Abstract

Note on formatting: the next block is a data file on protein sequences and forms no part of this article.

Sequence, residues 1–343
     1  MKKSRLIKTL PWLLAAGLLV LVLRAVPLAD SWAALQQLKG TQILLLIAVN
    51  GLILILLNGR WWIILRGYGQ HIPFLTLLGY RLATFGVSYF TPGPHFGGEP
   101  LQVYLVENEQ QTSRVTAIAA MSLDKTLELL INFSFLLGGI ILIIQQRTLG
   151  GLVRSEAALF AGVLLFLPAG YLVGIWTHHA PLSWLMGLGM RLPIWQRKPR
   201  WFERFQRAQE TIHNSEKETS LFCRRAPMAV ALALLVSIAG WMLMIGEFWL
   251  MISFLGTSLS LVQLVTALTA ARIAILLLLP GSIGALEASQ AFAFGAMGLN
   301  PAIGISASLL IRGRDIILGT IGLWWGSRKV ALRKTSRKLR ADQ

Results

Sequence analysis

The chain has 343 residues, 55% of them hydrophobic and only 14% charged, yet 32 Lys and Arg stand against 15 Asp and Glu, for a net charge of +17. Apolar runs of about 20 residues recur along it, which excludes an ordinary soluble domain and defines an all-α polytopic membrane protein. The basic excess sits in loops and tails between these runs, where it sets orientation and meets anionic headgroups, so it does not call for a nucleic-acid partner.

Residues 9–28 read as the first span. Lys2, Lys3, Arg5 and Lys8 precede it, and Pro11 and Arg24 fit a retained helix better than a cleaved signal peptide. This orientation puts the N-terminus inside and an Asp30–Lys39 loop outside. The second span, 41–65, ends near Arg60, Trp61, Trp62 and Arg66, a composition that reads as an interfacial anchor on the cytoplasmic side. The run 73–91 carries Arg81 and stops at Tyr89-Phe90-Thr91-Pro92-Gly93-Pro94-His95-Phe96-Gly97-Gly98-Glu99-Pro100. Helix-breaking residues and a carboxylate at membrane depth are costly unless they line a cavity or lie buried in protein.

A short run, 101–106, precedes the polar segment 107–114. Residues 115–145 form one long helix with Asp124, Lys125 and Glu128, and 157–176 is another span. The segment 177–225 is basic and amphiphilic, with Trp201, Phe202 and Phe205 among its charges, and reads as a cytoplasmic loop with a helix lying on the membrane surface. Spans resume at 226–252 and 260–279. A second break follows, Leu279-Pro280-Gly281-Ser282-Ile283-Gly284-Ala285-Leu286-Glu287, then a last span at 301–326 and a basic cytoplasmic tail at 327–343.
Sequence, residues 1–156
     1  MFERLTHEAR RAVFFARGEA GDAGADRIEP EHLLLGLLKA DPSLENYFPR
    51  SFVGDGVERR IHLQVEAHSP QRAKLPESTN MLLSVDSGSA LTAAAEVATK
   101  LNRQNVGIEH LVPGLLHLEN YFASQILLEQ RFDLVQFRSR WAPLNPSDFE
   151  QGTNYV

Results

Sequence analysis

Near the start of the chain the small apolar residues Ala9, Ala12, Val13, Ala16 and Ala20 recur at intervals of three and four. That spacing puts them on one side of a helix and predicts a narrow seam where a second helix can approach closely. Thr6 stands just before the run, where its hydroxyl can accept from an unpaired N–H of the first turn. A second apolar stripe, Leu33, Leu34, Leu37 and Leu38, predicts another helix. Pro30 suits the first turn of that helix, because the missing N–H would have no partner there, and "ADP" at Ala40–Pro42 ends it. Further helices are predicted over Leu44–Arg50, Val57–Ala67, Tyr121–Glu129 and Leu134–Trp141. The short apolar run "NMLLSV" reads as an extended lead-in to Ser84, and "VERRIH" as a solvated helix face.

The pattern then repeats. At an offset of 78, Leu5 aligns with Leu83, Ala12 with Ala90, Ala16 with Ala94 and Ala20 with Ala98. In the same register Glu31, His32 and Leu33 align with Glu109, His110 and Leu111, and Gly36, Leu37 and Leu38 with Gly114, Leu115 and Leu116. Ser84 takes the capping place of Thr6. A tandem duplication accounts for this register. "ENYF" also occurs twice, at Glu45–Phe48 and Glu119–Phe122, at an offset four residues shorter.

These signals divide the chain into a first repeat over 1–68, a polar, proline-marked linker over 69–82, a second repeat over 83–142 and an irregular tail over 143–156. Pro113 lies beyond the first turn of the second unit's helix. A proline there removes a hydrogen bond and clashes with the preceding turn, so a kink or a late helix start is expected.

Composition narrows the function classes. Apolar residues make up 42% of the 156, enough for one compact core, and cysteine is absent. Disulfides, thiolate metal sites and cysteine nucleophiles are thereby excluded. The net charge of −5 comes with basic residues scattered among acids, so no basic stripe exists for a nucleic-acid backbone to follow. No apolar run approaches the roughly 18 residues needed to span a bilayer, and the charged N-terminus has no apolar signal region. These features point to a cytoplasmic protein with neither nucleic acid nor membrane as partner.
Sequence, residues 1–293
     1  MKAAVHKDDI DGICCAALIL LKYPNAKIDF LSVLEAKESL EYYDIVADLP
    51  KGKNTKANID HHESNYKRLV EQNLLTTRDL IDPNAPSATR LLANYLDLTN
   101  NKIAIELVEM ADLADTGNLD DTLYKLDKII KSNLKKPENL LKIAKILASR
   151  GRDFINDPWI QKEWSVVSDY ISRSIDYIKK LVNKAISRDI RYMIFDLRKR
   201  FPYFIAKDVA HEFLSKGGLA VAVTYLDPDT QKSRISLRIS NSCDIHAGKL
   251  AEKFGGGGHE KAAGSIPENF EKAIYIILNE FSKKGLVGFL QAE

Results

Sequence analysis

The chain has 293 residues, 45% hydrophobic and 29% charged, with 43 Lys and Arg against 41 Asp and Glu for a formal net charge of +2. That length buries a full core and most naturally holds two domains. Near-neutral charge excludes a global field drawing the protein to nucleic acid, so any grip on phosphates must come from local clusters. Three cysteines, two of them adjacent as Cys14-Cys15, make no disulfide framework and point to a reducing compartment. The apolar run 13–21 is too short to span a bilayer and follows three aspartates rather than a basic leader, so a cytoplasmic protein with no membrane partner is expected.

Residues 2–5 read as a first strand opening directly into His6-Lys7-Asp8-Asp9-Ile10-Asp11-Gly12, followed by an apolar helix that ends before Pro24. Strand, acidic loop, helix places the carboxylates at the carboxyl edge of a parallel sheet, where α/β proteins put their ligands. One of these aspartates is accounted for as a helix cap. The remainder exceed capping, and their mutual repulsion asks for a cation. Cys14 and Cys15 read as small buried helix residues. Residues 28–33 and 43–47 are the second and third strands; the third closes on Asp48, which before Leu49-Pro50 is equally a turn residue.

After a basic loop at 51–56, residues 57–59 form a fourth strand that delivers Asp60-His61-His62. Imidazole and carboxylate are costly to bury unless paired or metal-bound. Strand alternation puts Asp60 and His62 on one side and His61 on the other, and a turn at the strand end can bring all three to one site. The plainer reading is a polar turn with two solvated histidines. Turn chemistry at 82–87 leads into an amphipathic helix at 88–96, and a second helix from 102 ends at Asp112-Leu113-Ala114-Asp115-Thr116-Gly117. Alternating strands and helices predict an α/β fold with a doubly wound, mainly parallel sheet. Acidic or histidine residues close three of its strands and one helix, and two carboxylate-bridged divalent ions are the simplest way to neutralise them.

The San Emigdio Schist of Southern California permits examination of partial melting and devolatilization processes along a Late Cretaceous shallow subduction zone. Detrital and recrystallized zircon of the structurally highest portions of the schist bracket the depositional age to between ca. 102 and 98 Ma. Zircon oxygen isotope data from both lower-plate schist and upper-plate assemblages of the Sierra Nevada batholith (SNB) reveal a δ18O shift of ∼1.5‰ between igneous (∼5.5‰) and recrystallized (∼7‰) domains. These results, taken with previous zircon and whole-rock δ18O measurements, provide evidence for devolatilization and/or partial melting of the schist and fluid ascent through overlying southwestern SNB upper-plate assemblages. Furthermore, the timing of mobile phase–rock interaction in the southwestern SNB is coincident with voluminous S-type magmatism in the southeastern SNB. We posit that during flattening of the Farallon slab, the schist was emplaced into the root zone of the southeastern SNB, where ensuing partial melting triggered a magmatic flare-up. Shallow subduction of the Cocos plate beneath central Mexico represents a close modern analog to this model.

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